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Cell phones continue to evolve as an increasingly important tool of communication. “on the flip side,” an exhibition at Spruill Gallery in Atlanta, looks at artists who embrace these now ubiquitous gadgets and turn them into tools for creativity. Pushing beyond their common use of capturing digital photographs and video, curator Hope Cohn also introduces us to artists who draw, sculpt and compose music with these devices.

New Yorker Jorge Colombo sketches the urban landscape of his adopted city on his iPhone using an application called “Brushes.” These modern-day plein-air sketches have an astonishing painterly feel, even though Colombo does not use a brush and his final output is not on canvas but in the form of an archival pigment print. A video situated in the gallery shows the artist at work and reveals the deft variety of mark making he was able to achieve using only his finger on the small touch screen.

Music lovers will appreciate Gil Weinberg’s superb “ZOOZbeat.” Director of Music Technology at Georgia Tech, Weinberg invented this application, which turns your hand-held device into a music studio. Choose a backbeat, then shake it, tilt it, tap it or bang it on a table if you dare, to layer different instrumental tracks on top of one another. “ZOOZbeat” is commercially available, but word has it that exhibition visitors will get a sneak peek at a version that hasn’t yet been released on the market.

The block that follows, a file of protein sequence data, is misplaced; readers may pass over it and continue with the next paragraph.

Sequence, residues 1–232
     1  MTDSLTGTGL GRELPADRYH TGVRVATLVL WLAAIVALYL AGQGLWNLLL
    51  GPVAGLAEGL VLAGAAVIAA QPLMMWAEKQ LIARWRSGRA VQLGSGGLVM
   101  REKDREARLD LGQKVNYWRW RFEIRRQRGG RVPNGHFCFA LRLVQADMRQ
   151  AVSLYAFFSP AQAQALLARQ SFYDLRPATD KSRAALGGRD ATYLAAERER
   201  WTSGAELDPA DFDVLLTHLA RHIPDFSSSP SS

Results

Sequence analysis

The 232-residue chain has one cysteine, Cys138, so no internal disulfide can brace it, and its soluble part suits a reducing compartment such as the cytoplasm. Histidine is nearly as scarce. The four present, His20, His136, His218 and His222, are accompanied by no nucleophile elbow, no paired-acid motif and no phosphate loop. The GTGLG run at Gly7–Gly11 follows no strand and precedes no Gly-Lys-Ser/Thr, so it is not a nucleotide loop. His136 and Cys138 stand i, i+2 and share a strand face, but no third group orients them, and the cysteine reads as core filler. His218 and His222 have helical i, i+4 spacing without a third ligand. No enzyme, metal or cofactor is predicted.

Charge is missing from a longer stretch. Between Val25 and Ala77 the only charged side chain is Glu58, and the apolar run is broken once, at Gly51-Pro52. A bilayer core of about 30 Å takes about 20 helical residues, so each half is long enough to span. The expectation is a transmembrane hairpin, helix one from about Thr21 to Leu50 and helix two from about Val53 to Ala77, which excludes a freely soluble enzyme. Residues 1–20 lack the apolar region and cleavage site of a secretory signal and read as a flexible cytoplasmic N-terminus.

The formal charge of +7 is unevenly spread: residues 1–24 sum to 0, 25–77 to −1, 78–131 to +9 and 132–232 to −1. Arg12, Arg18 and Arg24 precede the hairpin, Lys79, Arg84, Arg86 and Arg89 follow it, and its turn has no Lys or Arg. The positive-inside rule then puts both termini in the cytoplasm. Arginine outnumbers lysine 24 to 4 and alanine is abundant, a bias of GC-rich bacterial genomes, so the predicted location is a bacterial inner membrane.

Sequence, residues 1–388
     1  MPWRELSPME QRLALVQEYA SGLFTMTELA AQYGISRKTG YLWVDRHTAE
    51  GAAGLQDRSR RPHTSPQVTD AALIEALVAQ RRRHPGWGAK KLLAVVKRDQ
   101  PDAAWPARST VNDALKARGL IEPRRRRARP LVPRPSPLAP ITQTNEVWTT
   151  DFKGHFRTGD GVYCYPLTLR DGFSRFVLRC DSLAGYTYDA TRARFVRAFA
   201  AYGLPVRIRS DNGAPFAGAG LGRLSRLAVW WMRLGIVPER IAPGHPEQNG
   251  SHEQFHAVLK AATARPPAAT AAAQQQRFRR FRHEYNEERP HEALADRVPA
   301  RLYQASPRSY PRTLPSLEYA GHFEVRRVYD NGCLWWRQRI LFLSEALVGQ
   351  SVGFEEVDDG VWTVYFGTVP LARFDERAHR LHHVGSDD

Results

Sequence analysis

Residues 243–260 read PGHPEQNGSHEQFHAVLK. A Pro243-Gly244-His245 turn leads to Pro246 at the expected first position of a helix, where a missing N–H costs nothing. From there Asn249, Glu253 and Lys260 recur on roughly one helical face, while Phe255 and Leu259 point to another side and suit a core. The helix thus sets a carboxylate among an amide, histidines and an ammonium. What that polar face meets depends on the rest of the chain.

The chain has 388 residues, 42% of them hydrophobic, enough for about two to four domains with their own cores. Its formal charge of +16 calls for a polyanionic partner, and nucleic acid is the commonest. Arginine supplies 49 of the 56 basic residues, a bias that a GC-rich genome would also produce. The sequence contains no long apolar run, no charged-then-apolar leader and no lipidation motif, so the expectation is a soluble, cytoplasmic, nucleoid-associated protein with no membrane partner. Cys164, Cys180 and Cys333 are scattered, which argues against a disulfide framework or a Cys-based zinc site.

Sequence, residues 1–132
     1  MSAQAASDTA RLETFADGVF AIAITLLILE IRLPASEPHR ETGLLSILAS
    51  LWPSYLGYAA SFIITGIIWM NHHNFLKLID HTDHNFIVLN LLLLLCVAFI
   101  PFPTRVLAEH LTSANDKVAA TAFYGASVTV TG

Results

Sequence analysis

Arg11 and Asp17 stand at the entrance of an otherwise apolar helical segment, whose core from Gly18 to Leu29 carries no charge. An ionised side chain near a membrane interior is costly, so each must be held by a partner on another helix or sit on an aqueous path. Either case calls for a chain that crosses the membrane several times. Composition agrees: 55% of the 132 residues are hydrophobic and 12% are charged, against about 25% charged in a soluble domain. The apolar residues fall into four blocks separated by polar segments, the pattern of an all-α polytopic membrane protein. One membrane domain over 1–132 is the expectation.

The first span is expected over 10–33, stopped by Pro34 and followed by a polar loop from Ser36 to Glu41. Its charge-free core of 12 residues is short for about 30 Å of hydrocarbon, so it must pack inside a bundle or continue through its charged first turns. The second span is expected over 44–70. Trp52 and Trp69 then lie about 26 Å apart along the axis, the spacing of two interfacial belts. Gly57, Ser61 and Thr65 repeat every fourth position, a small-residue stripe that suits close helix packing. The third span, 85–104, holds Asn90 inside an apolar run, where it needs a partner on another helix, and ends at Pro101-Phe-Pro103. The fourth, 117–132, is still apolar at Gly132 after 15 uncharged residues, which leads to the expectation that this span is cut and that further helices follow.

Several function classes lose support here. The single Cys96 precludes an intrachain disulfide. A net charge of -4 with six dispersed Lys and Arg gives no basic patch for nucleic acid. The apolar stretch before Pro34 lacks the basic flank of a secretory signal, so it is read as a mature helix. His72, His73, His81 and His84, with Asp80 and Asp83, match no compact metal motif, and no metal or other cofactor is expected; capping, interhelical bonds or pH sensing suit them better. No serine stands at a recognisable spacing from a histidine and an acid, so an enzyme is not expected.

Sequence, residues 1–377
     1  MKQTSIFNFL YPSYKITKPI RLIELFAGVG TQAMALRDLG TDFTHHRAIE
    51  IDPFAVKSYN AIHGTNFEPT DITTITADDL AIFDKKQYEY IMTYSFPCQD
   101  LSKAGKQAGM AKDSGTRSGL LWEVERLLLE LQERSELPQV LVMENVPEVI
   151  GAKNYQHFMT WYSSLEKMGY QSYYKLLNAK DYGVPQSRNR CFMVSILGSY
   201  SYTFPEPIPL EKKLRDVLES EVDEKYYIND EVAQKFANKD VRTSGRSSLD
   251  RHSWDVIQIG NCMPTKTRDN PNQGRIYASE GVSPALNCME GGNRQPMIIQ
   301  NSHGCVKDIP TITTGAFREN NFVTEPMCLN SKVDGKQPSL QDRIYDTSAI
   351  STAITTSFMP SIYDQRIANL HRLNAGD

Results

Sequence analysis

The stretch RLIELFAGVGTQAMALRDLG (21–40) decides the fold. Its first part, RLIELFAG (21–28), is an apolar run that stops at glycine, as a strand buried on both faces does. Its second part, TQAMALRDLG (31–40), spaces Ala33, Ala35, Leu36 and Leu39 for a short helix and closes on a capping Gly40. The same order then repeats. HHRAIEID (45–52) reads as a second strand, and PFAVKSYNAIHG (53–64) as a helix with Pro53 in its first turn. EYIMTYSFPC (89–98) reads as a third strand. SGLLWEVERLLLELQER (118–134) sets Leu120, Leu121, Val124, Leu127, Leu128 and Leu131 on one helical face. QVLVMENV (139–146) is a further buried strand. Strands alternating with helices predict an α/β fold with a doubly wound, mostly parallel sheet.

Sculptor Rob Pettit takes a completely different tack with his sculptural installations using discarded cell phones. His geometric arrangements are quite beautiful, but their underlying message reminds us of the environmental impact of this rapidly changing technology that requires we buy new hardware every couple of years.

There is also a room with outtakes from CNN’s “iReport,” showing how even amateurs can become reporters with the use of a phone’s video feature. Unfortunately, this is where the show breaks down a bit. This “everyman is an artist” feels out of place in an exhibition that celebrates artists who push this tool to a new level.

The contrast to this is professional photojournalist Shawn Rocco, beloved Atlanta photographer Lucinda Bunnen, and ACP Program Manager Michael David Murphy, who all capitalize on the unobtrusive and quick nature of camera phones. Their images capture fleeting moments that would not be available to someone holding a more cumbersome apparatus.

Unfortunately, Rocco’s 25 x 31” C-prints did not tell me anything about how he sees this medium differently from the traditional camera. Bunnen presented her small prints matted in a grid, as if she envisioned them as a series of family snapshots. Michael David Murphy went even further.

Setting his phone on the dashboard of his car, he programmed it to take a picture of the sky at specific intervals as he drove to work, ran errands or went out at night. Back in his studio, he composed two grids on the computer, one of 1,056 cells and the other 1,300, which he then output onto roughly 7-by-4-foot inkjet prints that were casually tacked to the wall.

Even with the difference in scale, Murphy’s thoughtful presentation seemed a wink and a nod to the working 8-by-10 proof sheets that were historically part of any photographer’s trade. This acknowledgement of the past while embracing the future seemed the perfect summation of the innovations and byproducts introduced in this innovative exhibition.

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